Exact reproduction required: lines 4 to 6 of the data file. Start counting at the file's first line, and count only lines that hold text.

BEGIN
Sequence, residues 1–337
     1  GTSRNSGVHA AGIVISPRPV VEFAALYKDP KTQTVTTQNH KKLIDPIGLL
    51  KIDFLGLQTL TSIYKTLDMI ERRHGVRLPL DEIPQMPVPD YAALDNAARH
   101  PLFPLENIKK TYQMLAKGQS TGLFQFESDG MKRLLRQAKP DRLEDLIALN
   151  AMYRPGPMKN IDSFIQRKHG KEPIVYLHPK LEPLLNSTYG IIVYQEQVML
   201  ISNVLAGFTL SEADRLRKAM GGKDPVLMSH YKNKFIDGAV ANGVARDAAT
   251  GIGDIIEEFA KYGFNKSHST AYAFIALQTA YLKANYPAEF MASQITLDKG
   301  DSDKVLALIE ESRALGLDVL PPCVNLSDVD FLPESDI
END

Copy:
   101  PLFPLENIKK TYQMLAKGQS TGLFQFESDG MKRLLRQAKP DRLEDLIALN
   151  AMYRPGPMKN IDSFIQRKHG KEPIVYLHPK LEPLLNSTYG IIVYQEQVML
   201  ISNVLAGFTL SEADRLRKAM GGKDPVLMSH YKNKFIDGAV ANGVARDAAT